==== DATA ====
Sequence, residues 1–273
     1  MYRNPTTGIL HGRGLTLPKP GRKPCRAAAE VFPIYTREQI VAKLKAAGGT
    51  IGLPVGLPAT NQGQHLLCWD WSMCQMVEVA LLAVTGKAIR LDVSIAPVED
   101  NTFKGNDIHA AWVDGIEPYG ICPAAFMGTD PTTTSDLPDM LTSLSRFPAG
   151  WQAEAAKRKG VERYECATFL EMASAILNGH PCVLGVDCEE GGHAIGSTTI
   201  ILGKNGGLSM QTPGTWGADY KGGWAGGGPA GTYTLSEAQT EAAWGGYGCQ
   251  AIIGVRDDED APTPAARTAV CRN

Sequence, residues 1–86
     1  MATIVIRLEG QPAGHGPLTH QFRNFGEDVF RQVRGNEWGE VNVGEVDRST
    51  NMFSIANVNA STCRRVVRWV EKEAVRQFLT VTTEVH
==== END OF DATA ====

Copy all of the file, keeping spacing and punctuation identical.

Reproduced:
Sequence, residues 1–273
     1  MYRNPTTGIL HGRGLTLPKP GRKPCRAAAE VFPIYTREQI VAKLKAAGGT
    51  IGLPVGLPAT NQGQHLLCWD WSMCQMVEVA LLAVTGKAIR LDVSIAPVED
   101  NTFKGNDIHA AWVDGIEPYG ICPAAFMGTD PTTTSDLPDM LTSLSRFPAG
   151  WQAEAAKRKG VERYECATFL EMASAILNGH PCVLGVDCEE GGHAIGSTTI
   201  ILGKNGGLSM QTPGTWGADY KGGWAGGGPA GTYTLSEAQT EAAWGGYGCQ
   251  AIIGVRDDED APTPAARTAV CRN

Sequence, residues 1–86
     1  MATIVIRLEG QPAGHGPLTH QFRNFGEDVF RQVRGNEWGE VNVGEVDRST
    51  NMFSIANVNA STCRRVVRWV EKEAVRQFLT VTTEVH